The key to meaningful FAQs lies in framing its questions just as the users ask them. So, here are 3 practical question writing hacks to stop poor questions from stealing the effectiveness of your FAQs.
#1. Use ‘I’s when framing the questions
If you’ve noticed some of the best FAQs, you’ll see that they have the questions written in the first person.
Now, this is so for a reason. To understand it, just read the following two questions and choose the one that sounds more appealing:
- “How can I integrate your product with PayPal?”
- “How does your product integrate with PayPal?”
They’re both the same, but if you think like a user, you’re much likely to go with the first option and not with the second.
What works for the first question format is that it matches with how a user actually thinks through the query. The second way of putting the question, however, looks like it comes from the site’s documentation writer.
Jonathan and Lisa Price, authors of the book, Web Writing That Works! call such questions “bad” and say:
Bad questions are self-centered. They reflect the site’s concern with its own policies, concepts, and values. These questions do not sound like what a guest might ask.
So, when you write questions to include in your FAQs, use formats like:
- How can I ____?
- Can I _____?
- What are my ____?
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#2. Start with a question word
When users click a link to FAQs, they expect to see questions and answers. Because that’s how FAQs are supposed to be.
But a lot of sites don’t use the question/answer format for their FAQs. Instead of questions and answers, their FAQs are either full of statements (and responses to those statements!) or a mix of questions and statements.
If you use statements or labels instead of questions, your FAQs look a little off.
Let’s take an example. Suppose that you sell an accounting software, and your users repeatedly ask you if your product can collect payments via PayPal.
Now, when you add this topic to your FAQs, go with a question like: “Can I use PayPal to collect payments? and not with a label like: “Collecting payments with PayPal.”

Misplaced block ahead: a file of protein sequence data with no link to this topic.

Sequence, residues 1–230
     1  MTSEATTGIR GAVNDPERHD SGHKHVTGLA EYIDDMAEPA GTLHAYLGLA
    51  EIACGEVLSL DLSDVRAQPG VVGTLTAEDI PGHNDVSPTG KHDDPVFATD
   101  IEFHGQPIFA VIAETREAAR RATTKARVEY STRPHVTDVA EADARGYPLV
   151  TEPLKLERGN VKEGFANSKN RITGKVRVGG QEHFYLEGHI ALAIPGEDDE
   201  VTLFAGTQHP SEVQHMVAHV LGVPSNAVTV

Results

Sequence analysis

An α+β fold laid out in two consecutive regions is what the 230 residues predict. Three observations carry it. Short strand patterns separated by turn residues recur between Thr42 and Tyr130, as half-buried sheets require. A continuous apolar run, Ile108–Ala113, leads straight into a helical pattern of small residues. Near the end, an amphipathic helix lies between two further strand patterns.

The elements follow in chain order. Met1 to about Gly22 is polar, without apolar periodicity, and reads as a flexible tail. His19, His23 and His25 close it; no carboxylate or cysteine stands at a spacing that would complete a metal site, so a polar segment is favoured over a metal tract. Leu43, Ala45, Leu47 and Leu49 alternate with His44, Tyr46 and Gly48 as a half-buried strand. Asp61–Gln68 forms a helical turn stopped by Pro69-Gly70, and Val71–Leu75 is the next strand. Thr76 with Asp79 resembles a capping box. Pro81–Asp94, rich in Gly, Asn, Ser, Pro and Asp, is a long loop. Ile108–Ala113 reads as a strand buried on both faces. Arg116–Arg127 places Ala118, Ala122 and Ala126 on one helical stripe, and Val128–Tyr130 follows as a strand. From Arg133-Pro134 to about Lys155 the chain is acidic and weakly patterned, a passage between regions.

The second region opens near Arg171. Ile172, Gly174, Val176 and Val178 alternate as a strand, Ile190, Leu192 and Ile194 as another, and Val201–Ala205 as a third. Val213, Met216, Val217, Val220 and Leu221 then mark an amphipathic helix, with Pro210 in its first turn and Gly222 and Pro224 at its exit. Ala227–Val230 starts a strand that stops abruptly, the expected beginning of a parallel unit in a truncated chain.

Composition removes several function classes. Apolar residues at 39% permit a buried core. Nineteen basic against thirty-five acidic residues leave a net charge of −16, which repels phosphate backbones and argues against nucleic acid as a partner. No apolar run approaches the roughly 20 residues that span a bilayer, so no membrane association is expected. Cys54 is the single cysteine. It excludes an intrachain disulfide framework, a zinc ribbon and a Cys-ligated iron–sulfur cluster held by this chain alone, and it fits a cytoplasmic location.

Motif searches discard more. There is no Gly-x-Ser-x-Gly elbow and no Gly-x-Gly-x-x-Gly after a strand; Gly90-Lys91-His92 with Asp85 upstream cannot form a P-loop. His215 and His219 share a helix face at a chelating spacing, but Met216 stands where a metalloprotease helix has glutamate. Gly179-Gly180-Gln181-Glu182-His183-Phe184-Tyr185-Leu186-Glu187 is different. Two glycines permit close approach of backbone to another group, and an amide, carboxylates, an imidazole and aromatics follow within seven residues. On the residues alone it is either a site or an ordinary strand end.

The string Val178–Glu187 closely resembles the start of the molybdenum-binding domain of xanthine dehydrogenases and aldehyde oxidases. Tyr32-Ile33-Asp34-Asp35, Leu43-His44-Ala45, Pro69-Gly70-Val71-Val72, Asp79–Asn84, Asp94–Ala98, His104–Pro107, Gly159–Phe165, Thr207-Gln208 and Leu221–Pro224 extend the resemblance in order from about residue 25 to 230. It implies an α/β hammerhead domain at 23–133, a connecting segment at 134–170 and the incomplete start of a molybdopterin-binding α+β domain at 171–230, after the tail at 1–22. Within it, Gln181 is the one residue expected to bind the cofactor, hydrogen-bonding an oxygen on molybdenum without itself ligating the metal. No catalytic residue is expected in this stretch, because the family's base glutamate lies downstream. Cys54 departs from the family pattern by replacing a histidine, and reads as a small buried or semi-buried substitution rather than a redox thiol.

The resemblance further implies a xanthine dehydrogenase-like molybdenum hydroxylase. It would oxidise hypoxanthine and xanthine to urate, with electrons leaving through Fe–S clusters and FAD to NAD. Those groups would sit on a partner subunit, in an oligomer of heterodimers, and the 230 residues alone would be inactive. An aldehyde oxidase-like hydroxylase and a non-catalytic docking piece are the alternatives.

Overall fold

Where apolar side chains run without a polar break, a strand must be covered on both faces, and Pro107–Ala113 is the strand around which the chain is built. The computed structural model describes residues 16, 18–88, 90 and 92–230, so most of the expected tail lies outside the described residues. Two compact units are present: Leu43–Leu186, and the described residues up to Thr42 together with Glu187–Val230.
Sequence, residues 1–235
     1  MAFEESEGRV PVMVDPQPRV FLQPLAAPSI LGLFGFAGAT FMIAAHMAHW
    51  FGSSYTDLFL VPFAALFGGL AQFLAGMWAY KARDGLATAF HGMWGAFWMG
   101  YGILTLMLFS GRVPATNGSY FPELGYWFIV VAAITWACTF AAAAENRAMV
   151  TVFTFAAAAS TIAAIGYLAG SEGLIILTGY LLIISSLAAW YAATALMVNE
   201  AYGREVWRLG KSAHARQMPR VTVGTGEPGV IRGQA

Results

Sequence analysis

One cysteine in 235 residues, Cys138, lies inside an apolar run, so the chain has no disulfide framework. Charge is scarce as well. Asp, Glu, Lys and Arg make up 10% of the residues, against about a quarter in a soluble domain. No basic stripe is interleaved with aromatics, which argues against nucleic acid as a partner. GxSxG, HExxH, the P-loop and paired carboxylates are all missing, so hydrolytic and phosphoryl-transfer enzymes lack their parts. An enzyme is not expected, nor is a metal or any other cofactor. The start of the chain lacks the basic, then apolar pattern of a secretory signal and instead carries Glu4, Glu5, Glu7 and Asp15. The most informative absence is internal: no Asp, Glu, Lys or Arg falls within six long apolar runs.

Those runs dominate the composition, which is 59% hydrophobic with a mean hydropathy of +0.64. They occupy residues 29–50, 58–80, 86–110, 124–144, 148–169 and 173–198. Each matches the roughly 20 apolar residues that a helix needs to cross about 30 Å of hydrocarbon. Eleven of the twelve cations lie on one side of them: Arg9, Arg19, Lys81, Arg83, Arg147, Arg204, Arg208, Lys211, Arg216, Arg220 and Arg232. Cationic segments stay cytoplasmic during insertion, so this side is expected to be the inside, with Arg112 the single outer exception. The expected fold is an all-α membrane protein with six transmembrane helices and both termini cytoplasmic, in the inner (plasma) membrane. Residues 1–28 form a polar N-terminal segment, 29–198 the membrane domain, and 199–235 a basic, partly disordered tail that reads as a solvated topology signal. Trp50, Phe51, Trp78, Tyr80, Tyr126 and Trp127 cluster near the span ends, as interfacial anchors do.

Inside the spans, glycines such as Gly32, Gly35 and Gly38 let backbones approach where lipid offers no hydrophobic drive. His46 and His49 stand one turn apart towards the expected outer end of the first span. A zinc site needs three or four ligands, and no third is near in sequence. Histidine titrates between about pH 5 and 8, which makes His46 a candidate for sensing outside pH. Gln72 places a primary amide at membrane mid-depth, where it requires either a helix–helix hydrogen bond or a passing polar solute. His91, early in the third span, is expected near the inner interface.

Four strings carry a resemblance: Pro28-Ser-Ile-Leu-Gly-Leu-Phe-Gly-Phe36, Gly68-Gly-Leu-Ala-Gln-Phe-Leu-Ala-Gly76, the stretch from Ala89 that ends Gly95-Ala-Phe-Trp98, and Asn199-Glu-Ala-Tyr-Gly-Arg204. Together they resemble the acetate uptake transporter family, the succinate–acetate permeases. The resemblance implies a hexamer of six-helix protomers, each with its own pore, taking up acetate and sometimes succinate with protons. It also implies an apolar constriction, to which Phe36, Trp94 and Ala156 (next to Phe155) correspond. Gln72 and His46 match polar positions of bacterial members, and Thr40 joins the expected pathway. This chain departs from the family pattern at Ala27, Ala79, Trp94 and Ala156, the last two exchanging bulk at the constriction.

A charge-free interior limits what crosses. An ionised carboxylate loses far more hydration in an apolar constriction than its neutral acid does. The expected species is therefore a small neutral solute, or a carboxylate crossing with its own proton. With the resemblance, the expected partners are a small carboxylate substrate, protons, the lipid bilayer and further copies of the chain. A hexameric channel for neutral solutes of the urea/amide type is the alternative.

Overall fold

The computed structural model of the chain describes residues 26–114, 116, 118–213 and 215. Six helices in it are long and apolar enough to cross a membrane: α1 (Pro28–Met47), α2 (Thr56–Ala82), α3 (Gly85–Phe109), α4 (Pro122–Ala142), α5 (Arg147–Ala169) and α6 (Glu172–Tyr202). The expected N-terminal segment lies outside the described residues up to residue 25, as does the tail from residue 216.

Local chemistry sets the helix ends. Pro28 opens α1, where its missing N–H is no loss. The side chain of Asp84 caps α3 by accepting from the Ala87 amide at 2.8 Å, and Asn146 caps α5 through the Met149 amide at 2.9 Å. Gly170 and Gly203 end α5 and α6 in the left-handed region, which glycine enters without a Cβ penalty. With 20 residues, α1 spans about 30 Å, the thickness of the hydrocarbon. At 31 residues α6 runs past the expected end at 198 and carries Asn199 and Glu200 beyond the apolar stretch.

For every common query that you get, use one of the following question words to form your FAQs:
#3. Write in the language of your users
When jargon creeps into FAQs, they stop being clear. Often such gobbledygook requires the users to unwind the questions in their minds to really get what you’re trying to say. And as a result, your FAQ user experience suffers.
Now, suppose that in our accounting solution example, another common user question that you get is if the users can use Stripe to collect money. In technical terms, what they’re really asking you is if you support Stripe as a payment gateway.
But you add this query to your FAQs, don’t use these technical terms. Always go with how the users put them.
In this example, you could say: “Can I use Stripe to collect payments?”. Avoid: “Can I use Stripe as a payment gateway?”
You get the idea, right?
The easy part about applying this tip is that you already know the words and the language your customers use for asking questions. All you need to do is to reflect the same in your FAQs.
So, the next time that you add a question to your FAQs, pick words from the user’s support tickets or queries.
When writing questions for your FAQs, think like a customer. Because it’s only when you do so that you’ll be able to connect with them. Otherwise, even your best FAQ content will fail.
So, how do you write your FAQs? Do share in the comments!
P.S. Once you’re done with the questions, your next step will (obviously) be to write the answers. We’ve covered 5 effective ways to answer FAQs in one of our earlier posts called: 5 Simple Ways to Write the Perfect Answers to Your FAQs. Do check it out!
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